I saw a few comments in my blog reader on first day activities over at dy/dan, First Day Wiki ('07) and This New School Year ('08). I loved his ideas. I have a few of my own you all might like if you're headed back to teaching. (The sabbatical work I'm doing is marvelous, but I am going to miss teaching!) Dan taught high school and I teach at a community college; perhaps that has some bearing on what we do differently first day, but there's lots of overlap.
• On my last first day, in January, I put this on the board: “My ideal math class is a learning community. My goal is to help you become a community of learners." I also asked them to each add something to their choice of one of 3 lists on the board: 'Something I know in math', 'something I don't get', 'something I'm curious about'.
• I have them fill out 3x5 cards with their name, phone, email, and maybe a question or two about their math background. I ask them to leave a space for their photo. I'll use the cards to do attendance and call on people. (In the future, I'd like to jot notes on the cards: things they say and do, so I can remember.)
• I think it's important to try to call on people as equally as I can. (See Failing At Fairness for research that shows how much more boys are called on than girls, and how differently they're responded to.) I tell them the first day: I don't want to intimidate you, so you can always say 'pass' if you don't want to answer. But if you want to be brave, you shouldn't pass just because of not knowing the answer. You can say "I don't know", and I'll ask you easier questions and we'll work back up to the original question. I still end up asking questions to the class as a whole sometimes, and when the same 3 people raise their hands all the time, I start telling them I'll wait for other hands, in order to ‘spread the wealth’.
• It's vital to learn your students' names, but I have a bad memory. In recent years, I've brought my digital camera, and taken pictures. I found it used up too much time if I took the pictures, so now I get a volunteer to be the photographer. They can do a photo of 3 people at once, and afterward I organize in iPhoto, copying and cropping, so I have head shots of each student. I print and have the students put their names on their photos during the next class. Then I get to cut them out and use a glue stick to put them on those 3x5 cards. That work with the photos helps me get started with learning the names.
• I send around a sheet of paper with my name, phone number, and email. I suggest they add theirs to the list if they want, and tell them no one has ever had problems from it that I know of. Then I copy the list, and give it to them. I talk about how studies have shown that students who work in groups do better.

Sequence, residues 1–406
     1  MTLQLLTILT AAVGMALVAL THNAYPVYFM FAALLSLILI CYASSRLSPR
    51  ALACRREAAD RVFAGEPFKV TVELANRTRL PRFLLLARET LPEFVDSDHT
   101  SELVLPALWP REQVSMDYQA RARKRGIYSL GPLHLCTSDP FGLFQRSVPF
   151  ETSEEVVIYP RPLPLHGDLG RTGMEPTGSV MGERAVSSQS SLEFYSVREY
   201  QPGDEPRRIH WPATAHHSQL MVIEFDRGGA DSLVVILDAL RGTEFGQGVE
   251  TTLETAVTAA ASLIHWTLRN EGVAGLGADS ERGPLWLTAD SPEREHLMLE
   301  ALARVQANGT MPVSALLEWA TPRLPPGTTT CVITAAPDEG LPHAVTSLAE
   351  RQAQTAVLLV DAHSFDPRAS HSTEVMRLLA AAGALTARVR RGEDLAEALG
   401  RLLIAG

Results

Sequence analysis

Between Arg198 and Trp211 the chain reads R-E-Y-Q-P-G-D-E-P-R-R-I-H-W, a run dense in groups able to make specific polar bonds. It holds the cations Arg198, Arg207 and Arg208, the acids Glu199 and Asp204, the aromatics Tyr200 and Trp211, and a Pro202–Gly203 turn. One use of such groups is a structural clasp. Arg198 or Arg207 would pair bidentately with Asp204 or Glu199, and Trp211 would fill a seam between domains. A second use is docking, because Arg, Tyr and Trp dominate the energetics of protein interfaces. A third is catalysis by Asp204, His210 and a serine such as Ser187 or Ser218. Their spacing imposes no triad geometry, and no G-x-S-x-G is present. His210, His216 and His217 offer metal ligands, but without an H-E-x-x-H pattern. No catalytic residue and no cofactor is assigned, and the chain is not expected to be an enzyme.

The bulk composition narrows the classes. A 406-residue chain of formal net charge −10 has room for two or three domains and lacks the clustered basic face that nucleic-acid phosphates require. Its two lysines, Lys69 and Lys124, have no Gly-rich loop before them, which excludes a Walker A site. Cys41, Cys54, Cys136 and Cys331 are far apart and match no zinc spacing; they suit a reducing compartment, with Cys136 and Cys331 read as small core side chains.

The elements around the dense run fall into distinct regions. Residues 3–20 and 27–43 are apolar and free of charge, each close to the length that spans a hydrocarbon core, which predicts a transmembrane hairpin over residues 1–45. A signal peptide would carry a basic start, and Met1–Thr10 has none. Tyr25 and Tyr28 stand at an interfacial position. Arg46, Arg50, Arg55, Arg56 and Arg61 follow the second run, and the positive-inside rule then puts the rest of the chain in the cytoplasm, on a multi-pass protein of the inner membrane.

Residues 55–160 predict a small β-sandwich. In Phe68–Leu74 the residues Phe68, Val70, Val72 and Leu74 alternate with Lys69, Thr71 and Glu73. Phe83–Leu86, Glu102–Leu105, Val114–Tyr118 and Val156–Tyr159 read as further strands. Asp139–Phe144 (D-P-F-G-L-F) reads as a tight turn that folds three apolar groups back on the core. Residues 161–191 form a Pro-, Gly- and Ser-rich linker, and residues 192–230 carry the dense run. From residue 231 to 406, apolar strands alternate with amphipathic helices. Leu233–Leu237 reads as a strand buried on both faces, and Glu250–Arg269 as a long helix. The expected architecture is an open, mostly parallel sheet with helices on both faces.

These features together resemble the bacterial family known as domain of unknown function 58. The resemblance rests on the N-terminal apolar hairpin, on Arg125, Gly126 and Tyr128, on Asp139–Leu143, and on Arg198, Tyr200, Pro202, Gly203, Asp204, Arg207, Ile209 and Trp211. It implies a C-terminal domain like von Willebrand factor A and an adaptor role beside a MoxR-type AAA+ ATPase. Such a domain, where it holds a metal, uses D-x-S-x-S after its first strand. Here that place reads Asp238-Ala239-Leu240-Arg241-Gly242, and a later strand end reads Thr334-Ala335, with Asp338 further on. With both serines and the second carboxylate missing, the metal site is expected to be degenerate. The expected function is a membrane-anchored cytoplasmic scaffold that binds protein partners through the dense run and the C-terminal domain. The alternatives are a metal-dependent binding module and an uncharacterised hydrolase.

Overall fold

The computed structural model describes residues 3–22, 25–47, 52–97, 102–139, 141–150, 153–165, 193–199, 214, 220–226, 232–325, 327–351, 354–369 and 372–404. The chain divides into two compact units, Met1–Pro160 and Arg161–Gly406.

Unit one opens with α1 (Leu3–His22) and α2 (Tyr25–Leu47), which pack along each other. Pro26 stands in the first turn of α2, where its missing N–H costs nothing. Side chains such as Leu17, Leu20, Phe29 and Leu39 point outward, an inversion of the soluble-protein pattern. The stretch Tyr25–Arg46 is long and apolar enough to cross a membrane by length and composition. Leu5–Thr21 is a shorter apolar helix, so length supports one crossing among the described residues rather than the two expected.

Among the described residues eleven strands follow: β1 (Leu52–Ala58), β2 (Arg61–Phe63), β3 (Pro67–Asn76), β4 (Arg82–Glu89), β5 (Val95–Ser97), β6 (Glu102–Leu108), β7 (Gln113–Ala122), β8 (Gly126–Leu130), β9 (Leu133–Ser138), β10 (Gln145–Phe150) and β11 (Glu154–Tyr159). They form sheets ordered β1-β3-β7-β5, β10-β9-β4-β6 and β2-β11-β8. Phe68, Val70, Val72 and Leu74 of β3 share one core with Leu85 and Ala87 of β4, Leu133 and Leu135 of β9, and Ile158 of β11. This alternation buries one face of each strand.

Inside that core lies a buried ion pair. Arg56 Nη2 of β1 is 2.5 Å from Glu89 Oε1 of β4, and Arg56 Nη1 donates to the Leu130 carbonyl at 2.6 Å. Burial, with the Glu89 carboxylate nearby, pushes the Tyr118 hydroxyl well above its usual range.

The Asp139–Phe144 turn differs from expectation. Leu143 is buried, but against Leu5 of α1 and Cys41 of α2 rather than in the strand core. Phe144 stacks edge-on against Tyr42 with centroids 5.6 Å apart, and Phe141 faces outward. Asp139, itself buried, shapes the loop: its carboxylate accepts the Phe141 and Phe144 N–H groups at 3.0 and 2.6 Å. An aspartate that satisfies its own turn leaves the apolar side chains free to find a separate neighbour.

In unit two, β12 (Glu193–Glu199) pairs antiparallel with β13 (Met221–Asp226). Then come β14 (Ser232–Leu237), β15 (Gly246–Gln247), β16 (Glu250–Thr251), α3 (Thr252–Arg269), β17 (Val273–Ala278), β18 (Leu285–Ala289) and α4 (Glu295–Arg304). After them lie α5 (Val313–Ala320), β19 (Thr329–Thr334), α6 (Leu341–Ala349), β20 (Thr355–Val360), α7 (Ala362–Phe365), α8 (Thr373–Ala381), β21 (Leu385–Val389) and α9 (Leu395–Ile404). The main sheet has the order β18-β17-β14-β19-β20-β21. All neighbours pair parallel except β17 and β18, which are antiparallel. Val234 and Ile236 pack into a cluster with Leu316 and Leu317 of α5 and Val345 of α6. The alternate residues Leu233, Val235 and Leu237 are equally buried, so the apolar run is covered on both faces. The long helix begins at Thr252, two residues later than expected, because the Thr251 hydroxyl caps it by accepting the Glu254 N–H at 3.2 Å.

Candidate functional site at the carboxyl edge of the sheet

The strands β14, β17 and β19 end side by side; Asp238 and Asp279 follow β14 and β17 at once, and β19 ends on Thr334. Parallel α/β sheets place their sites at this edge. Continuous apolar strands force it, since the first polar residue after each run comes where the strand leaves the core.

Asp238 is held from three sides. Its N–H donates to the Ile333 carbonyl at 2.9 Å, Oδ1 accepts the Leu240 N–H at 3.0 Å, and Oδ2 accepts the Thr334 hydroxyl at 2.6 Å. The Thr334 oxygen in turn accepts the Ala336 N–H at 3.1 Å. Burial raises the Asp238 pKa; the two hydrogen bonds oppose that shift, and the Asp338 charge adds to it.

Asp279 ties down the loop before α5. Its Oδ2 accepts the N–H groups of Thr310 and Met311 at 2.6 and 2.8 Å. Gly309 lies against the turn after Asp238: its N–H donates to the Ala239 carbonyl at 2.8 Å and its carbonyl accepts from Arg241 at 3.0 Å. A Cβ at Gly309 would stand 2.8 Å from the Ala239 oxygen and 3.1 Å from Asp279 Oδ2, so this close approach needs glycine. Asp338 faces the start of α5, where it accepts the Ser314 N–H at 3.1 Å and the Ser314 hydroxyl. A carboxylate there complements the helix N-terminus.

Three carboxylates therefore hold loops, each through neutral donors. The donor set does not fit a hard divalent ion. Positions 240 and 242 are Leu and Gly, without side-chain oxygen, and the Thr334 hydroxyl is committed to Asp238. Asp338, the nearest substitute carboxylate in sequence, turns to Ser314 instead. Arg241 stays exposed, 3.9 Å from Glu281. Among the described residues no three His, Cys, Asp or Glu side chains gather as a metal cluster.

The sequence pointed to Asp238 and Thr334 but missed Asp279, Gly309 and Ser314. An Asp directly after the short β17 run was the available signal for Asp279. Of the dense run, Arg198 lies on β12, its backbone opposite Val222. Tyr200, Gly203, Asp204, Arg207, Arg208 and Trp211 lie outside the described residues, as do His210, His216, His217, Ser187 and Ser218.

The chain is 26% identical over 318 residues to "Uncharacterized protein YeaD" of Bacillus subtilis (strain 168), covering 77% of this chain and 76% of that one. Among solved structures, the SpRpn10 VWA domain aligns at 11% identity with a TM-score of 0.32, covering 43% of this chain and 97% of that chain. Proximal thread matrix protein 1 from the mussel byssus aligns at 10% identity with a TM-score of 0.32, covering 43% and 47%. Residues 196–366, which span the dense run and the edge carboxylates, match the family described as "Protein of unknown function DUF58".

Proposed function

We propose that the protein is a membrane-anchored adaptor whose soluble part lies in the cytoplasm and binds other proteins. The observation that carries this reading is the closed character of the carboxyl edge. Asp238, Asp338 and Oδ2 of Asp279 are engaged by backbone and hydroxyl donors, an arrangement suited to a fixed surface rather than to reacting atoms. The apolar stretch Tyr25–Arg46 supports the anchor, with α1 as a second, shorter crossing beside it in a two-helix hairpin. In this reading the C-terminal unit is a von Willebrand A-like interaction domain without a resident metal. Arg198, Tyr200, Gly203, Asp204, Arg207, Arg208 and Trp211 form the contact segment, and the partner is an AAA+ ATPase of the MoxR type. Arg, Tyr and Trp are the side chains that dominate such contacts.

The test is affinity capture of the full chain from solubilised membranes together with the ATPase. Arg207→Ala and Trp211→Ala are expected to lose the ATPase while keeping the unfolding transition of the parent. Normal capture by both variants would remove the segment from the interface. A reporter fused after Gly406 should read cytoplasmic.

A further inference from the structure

• I offer ‘donut points’ for catching me in mistakes, so that they’ll question what I’m presenting, instead of assuming it’s right just because the teacher said it. After the class has caught me 30 times, I bring in donuts.
• I use ‘thumbs up-down-sideways’ to find out the level of understanding. (And have found out that it’s important not to ask people with their thumbs down to elaborate, or else fewer people will use their thumbs at all.)
• I ask them if they think you need a good memory to learn math. Most think so. I tell them about my terrible memory and say it's all about connections and understanding why things work. I made a poster that says: ‘Real mathematicians ask why’. It's in my classrooms and my office.
• Last year I was working way too hard to have time for correcting homework. They have answers in the book of the book, so they don't need me to correct it. They just need me to give them credit for doing it, so that it gets high enough in their priority lists to get done. So (I learned this from a high school teacher at Middle College High School which is housed inside our college. Thanks, Eric!), I stamp their homework. (Buy a self-inking stamper for this.) If the homework is complete, or close to it, they get two stars. At least halfway there gets one star. They turn it all in at test time, and I record the number of stars. I can do that while they're taking the test.
• Some classes get the math autobiography assignment. Lately, though, I've gotten tired of it, and just offer it as extra credit.
• College textbooks are outrageously expensive - generally over $100 for math texts. My goal is to use the textbook as little as possible. So I told my beginning algebra students that they didn't have to get the official textbook, but could buy any Beginning Algebra text. I changed my homework sheet to show the topic names, and told them to pick 10 problems from their book on the right topic. Lots of students have tried to come to class with no book, because they couldn't afford the $100-plus. Now they didn't have an excuse to have no book. We discuss where used bookstores are, and online sources for used books.
Here were some ideas I heard at a Great Teachers Seminar that I liked and hope to try in future:
• Send email before semester begins. 2 days before gives them a day to get their book.
• Put students in the position of teaching what they’re learning.
• Ask at end of class: ‘What’s the most interesting thing you learned this week?
• Ask: What are you curious about? (What are they already interested in?)
• Have a question for them each time you walk into the classroom.
• One teacher pairs students up and has them fill out a form which starts "I am my brother's and sister's keeper. I will help my partner succeed. I commit to..." Then there are 3 blanks, and th pair discuss how they can help each other. If one is absent, she'll ask the other about it.
• The Math Students' Bill of Rights is included in my syllabus for all lower level classes. [Added on 8/25]
[Note to self: Dan's First Day Wiki has a great stacking cups activity. He posted a different cup stacking activity here.]